Jugderdem’s backyard

November 7, 2011

By Carlos Barria

Two-year-old Jugderdem Myagmarsuren opens the door of his tent to play with his plastic scooter in the backyard. He is accompanied by sheep and cows. This is not an ordinary backyard. It’s the Mongolian steppe, and his closest friends might live more than two kms (1.2 miles) away.

While the world’s population reached 7 billion on October 31st, 2011, Mongolia remains the least densely populated country on the planet, with 2.7 million people spread across an area three times the size of France. Two-fifths of Mongolians live in rural areas spread over wind swept steppes.

According to the National Population Center census of 2010, Mongolia’s population density increased by only 0.2 percentage points– to 1.7 persons per square kilometer—from the last census in 2000.

In Shivert, 200 kms (124 miles) northeast of the Mongolian capital of Ulan Bator, Javzansuren Choijiljav, 72, and his wife Javzanpagma Adiya, 70, shepherd their animals out of a coral ahead of a long day on the steppe. As a nomad family, they are accustomed to packing up and moving their tent four times a year, but as they grow older they spend less time herding their cows and sheep, and more time working around their tent. They have contracted another younger couple to help them with their animals as the winter approaches.

Javzanpagma heats fresh cow milk on the stove. She says it’s harder and harder to find young people interested in working in the countryside because so many have moved to the city.

Every year between 30,000 and 40,000 Mongolians migrate from the far steppes to the fast growing capital Ulan Bator— the country’s most dense city.

Bordering Russia to the north and China to the south, this former satellite state of the former Soviet Union relies on its natural resources as an engine for economic growth. Its gold, copper and coal have attracted foreign investment.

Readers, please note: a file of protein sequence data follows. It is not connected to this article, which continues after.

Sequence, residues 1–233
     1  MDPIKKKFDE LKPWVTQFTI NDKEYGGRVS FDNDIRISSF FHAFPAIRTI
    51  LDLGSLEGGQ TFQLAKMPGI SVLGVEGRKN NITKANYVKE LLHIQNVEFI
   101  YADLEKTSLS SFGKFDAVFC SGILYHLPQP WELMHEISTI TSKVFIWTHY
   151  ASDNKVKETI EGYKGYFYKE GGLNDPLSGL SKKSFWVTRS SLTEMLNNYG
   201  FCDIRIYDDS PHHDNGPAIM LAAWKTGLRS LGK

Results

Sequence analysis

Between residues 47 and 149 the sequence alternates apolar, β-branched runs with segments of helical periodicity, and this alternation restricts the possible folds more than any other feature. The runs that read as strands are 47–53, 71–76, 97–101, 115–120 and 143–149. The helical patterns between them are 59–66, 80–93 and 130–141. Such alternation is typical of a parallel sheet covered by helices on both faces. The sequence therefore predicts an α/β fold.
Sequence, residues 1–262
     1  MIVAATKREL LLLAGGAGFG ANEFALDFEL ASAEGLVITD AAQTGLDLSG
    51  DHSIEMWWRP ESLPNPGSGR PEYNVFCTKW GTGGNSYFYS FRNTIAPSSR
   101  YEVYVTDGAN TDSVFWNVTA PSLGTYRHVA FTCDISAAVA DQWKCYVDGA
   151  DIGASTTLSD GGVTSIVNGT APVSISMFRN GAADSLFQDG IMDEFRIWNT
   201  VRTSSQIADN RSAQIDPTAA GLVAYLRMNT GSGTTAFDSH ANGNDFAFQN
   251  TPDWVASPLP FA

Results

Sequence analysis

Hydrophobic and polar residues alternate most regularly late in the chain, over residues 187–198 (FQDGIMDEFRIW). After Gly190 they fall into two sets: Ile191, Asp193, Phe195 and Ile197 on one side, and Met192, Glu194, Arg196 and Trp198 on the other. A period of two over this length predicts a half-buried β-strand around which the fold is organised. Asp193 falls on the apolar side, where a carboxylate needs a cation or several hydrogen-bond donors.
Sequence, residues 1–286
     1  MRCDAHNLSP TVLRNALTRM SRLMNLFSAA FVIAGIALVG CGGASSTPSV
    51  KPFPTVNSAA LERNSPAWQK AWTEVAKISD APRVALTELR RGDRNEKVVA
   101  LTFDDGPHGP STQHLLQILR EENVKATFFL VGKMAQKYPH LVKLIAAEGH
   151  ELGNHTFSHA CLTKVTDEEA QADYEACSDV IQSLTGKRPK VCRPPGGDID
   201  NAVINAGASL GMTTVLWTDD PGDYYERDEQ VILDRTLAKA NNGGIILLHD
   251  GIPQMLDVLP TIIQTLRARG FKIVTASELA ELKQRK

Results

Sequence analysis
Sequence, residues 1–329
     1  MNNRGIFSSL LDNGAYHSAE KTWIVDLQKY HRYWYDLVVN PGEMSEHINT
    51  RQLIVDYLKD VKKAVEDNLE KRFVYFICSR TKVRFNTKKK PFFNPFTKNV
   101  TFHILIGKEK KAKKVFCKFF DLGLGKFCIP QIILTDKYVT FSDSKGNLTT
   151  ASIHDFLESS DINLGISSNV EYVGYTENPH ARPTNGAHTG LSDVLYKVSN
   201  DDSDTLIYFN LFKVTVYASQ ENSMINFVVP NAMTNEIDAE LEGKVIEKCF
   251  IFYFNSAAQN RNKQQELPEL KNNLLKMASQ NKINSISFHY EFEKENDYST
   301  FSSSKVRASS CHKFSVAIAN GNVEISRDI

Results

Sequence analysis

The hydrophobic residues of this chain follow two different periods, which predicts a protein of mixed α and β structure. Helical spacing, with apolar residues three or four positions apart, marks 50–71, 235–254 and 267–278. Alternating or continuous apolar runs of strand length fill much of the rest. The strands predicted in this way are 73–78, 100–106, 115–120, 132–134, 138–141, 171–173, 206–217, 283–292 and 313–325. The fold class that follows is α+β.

Today more than half of all Mongolians live in the capital, including eight of Javzanpagma’s children, drawn by the promise of a better life. However, unemployment stands at more than 15 percent.

As Javzansuren continues his work (building shelters for his animals and storing potatoes underground where the freezing earth will preserve them) the horizon darkens under gathering clouds, which announce the coming winter. They hope the spring will come quickly so their animals will survive, and they can pack up and move again, continuing the cycle of their nomadic life, even as more and more of their fellow nomads move away for good.

5 comments

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Very nice picture bolg

Posted by Nikhil_Yag | Report as abusive

Beautiful and telling photos. It reminds me that simplicity is still alive. I think cities can be a blessing as well as a problem, so it makes these photos more special because it reminds us we can live simply, so that we remember life in its fullness.
Thanks for the photos.

Posted by QuentinTodd | Report as abusive

Your pictures are so spontaneous. Marvellous!

Ted McDonnell

Posted by Edward2259 | Report as abusive

Great photos and a great and simple way to tell the story. Congrats Carlos!
Lucas
My own photos of China:
http://www.pictobank.com/

Posted by Photoluc | Report as abusive

muy interesante el laburo, carlos. saludos.

Posted by maxifailla | Report as abusive